McCoy agrees that the benefits of the pilot go beyond cultivating future teachers. The curriculum involved a lot of writing, and he saw those skills improve. For McCoy, the class reminded him of the importance of social and emotional support for students and building relationships after he started the year preoccupied with addressing the pandemic’s academic fallout.
For Khalil, who is headed to Chicago’s Columbia College in the fall, the most powerful aspect of the class was pushing students to get to know themselves better. They had to write letters from their 30-year-old selves to their 17- or 18-year-olds selves. They explored what motivates them (in Khalil’s case, his mother’s high expectations) and what they appreciate about themselves (the volunteer work he has done in Chicago and New Orleans).
Jamal, who is going to Clark Atlanta University, a historically Black campus in Georgia, still wants to be a dance studio owner and choreographer. But he says he appreciates the effort to steer more young men like him to education.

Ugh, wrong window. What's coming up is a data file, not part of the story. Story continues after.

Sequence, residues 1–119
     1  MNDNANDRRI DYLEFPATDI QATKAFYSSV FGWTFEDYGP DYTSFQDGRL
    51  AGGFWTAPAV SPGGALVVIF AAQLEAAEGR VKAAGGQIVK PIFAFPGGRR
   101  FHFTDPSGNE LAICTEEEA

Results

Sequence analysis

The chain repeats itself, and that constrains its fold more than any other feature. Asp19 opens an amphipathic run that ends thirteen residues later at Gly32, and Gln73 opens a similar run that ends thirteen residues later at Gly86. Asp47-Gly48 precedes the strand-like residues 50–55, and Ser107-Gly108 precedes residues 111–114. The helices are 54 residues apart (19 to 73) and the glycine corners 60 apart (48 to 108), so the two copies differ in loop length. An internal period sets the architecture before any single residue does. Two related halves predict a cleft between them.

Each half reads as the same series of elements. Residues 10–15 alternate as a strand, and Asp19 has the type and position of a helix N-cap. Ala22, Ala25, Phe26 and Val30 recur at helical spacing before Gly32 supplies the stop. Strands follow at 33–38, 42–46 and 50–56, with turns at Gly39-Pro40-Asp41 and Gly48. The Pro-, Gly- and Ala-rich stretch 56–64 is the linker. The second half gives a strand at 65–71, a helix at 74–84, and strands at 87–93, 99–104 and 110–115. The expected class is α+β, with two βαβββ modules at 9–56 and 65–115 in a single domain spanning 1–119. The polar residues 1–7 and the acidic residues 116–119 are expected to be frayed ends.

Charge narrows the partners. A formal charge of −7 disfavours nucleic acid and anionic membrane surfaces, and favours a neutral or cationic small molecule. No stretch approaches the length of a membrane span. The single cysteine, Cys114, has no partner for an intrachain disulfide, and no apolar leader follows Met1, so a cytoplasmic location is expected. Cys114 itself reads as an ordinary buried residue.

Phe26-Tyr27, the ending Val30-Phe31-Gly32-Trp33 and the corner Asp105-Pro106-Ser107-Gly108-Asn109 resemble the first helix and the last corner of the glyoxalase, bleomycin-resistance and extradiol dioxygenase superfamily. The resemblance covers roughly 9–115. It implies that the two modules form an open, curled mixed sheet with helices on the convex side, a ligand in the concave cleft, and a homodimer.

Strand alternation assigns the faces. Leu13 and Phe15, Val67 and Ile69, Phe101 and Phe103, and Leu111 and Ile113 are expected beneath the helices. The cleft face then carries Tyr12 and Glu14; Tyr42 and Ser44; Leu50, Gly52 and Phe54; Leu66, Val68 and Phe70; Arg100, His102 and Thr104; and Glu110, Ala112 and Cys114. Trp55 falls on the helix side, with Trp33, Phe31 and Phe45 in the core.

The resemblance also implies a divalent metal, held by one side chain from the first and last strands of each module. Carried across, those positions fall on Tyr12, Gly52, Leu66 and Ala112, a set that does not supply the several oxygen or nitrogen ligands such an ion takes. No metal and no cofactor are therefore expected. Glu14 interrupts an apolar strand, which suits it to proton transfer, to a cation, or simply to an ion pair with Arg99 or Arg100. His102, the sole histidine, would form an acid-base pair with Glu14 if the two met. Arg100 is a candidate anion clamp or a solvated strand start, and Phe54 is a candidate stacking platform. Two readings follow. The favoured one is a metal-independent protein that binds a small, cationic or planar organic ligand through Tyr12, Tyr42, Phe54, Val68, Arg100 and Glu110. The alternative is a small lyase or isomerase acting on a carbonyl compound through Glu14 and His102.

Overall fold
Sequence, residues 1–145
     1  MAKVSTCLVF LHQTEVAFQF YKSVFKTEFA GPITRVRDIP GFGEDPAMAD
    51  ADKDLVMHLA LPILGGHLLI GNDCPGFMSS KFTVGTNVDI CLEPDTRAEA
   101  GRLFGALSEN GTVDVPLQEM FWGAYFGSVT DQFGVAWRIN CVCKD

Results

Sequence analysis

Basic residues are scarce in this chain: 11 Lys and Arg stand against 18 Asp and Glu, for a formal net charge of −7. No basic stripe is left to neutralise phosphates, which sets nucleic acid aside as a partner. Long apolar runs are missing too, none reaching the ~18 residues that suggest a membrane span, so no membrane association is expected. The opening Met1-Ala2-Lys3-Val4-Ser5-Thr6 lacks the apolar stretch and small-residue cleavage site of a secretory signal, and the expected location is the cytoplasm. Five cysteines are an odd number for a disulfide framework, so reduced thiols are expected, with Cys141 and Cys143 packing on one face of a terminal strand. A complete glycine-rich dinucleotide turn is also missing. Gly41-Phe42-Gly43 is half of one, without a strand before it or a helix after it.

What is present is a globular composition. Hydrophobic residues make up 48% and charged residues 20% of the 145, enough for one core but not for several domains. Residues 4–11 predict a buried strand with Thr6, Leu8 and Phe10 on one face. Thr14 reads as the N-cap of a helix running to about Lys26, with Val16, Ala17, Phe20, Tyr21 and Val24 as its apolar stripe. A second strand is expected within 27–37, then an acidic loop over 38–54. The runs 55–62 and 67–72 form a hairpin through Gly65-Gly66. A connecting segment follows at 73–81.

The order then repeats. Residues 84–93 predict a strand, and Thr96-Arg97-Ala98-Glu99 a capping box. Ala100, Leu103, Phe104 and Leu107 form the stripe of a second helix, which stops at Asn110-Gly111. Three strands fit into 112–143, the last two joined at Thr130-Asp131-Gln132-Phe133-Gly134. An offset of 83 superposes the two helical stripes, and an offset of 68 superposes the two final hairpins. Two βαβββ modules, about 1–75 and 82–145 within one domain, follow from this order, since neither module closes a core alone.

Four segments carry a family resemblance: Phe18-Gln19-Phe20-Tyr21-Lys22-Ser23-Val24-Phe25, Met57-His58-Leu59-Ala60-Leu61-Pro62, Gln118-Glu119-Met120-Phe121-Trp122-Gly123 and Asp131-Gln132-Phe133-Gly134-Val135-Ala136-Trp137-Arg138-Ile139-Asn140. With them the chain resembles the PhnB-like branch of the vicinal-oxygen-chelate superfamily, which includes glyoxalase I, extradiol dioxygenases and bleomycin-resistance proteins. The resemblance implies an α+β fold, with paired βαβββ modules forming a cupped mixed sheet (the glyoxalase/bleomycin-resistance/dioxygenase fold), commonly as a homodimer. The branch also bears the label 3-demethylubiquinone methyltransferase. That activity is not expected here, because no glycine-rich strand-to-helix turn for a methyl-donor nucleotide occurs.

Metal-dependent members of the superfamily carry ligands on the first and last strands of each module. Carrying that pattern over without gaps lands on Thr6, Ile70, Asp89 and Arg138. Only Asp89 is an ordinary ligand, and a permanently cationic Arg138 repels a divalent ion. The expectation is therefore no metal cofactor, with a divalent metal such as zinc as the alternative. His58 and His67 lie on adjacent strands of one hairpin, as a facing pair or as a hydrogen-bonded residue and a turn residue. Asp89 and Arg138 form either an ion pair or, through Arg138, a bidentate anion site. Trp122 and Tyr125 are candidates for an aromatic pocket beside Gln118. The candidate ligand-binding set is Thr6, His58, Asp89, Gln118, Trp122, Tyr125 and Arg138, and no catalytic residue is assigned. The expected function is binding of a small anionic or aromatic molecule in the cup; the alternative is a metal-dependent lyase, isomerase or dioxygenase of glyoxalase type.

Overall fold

He says the support of Black males — from the athletic director to a security guard to educators — has made the campus a more inviting place.
And he also gives high marks to the portion of the class that pushed students to explore their identities.
“Everyone should experience this class — not just boys, but girls too,” he told McCoy. “You have to know yourself before you can bring out the best in others.”
This article was originally posted on In Chicago, a new push to steer more young men of color into teaching